AF Tester Observations
ComputerBase also says that AMD drivers appear to treat games differently than the popular "AF Tester" (anisotropic filtering) benchmark tool from They indicate that lower quality anisotropic filtering is used in actual games, but higher quality anisotropic filtering is displayed when the AF Tester tool is detected and run. Essentially, the anisotropic filtering quality highlighted by the AF Tester tool on AMD GPUs is not indicative of the lower quality of anisotropic filtering seen in real games on AMD GPUs.

NVIDIA's own driver team has verified specific behaviors in AMD's drivers that tend to affect certain anisotropic testing tools. Specifically, AMD drivers appear to disable texture filtering optimizations when smaller window sizes are detected, like the AF Tester tool uses, and they enable their optimizations for larger window sizes. The definition of "larger" and "smaller" varies depending on the API and hardware used. For example with DX10 and 68xx boards, it seems they disable optimizations with window sizes smaller than 500 pixels on a side. For DX9 apps like the AF Tester, the limit is higher, on the order of 1000 pixels per side. Our driver team also noticed that the optimizations are more aggressive on RV840/940 than RV870, with optimizations performed across a larger range of LODs for the RV840/940.

FP16 Render Observations
In addition to the above recent findings, for months AMD had been performing a background optimization for certain DX9 applications where FP16 render targets are demoted to R11G11B10 render targets, which are half the size and less accurate. When recently exposed publically, AMD finally provided a user visible control panel setting to enable/disable, but the demotion is enabled by default.  Reviewers and users testing DX9 applications such as Need for Speed Shift or Dawn of War 2, should uncheck the "Enable Surface Format Optimization" checkbox in the Catalyst AI settings area of the AMD control panel to turn off FP16 demotion when conducting comparative performance testing.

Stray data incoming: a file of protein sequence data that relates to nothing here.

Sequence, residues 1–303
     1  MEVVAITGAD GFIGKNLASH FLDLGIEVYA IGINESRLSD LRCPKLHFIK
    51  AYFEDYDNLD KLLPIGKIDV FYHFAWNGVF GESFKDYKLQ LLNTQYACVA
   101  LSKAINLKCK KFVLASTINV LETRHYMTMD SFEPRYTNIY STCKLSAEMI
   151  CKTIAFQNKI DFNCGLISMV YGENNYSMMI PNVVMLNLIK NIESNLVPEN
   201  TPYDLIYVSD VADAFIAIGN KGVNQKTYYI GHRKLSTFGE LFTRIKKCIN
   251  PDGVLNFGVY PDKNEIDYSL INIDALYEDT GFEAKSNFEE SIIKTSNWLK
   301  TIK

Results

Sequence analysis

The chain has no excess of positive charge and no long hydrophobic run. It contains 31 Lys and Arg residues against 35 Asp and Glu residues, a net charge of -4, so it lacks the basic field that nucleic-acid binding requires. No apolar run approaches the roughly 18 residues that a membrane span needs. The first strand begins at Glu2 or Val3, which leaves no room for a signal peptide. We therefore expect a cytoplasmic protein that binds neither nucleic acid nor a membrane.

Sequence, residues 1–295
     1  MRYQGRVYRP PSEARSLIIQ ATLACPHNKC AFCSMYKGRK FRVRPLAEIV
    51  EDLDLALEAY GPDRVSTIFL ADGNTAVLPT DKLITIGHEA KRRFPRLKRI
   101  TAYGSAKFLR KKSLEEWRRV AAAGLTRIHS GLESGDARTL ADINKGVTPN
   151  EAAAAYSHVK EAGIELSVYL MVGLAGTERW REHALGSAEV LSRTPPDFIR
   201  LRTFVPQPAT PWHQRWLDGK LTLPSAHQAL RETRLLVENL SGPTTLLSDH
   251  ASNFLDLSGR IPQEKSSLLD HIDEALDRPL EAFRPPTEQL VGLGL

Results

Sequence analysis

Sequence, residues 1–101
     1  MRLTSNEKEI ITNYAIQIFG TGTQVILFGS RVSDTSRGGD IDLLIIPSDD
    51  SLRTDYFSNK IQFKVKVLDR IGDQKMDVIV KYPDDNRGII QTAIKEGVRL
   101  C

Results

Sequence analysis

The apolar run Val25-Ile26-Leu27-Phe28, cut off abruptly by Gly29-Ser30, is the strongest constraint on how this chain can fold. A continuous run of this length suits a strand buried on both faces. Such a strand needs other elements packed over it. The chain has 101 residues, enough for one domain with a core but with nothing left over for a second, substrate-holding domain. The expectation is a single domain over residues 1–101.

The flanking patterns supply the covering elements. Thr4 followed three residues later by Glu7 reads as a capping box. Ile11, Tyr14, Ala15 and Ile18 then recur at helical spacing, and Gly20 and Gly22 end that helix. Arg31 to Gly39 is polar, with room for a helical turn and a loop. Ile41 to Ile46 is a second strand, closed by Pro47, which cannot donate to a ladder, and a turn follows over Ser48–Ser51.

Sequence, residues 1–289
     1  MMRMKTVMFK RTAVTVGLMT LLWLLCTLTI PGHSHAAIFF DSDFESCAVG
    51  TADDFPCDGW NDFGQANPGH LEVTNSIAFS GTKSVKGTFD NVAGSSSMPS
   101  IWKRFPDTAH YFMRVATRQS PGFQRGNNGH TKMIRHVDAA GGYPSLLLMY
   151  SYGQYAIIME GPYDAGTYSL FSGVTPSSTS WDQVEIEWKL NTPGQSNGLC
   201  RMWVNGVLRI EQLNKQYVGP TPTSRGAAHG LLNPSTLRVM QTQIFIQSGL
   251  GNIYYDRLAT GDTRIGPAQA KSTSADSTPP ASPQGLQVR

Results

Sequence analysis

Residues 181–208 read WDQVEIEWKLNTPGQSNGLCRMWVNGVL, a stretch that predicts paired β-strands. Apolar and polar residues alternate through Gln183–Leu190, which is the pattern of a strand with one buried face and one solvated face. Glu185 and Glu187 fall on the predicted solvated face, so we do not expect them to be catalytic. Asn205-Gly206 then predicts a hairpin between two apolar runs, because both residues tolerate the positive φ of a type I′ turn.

A Long and Winding Road
For those with long memories, NVIDIA learned some hard lessons with some GeForce FX and 3DMark03 optimization gone bad, and vowed to never again perform any optimizations that could compromise image quality.  During that time, the industry agreed that any optimization that improved performance, but did not alter IQ, was in fact a valid "optimization", and any optimization that improved performance but lowered IQ, without letting the user know, was a "cheat".  Special-casing of testing tools should also be considered a "cheat".

Both NVIDIA and AMD provide various control panel knobs to tune and tweak image quality parameters, but there are some important differences — NVIDIA strives to deliver excellent IQ at default control panel settings, while also ensuring the user experiences the image quality intended by the game developer. NVIDIA will not hide optimizations that trade off image quality to obtain faster frame rates. Similarly, with each new driver release, NVIDIA will not reduce the quality of default IQ settings, unlike what appears to be happening with our competitor, per the stories recently published.

We are glad that multiple top tech sites have published their comparative IQ findings. If NVIDIA published such information on our own, without third-party validation, much of the review and technical community might just ignore it. A key goal in this blog is not to point out cheats or "false optimizations" in our competitor's drivers. Rather it is to get everyone to take a closer look at AMD's image quality in games, and fairly test our products versus AMD products. We also want people to beware of using certain anisotropic testing tools with AMD boards, as you will not get image quality results that correspond with game behavior.

AMD promotes "no compromise" enthusiast graphics, but it seems multiple reviewers beg to differ.

We have had internal discussions as to whether we should forego our position to not reduce image quality behind your back as AMD is doing.  We believe our customers would rather we focus our resources to maximize performance and provide an awesome, immersive gaming experience without compromising image quality, than engage in a race to the IQ gutter with AMD.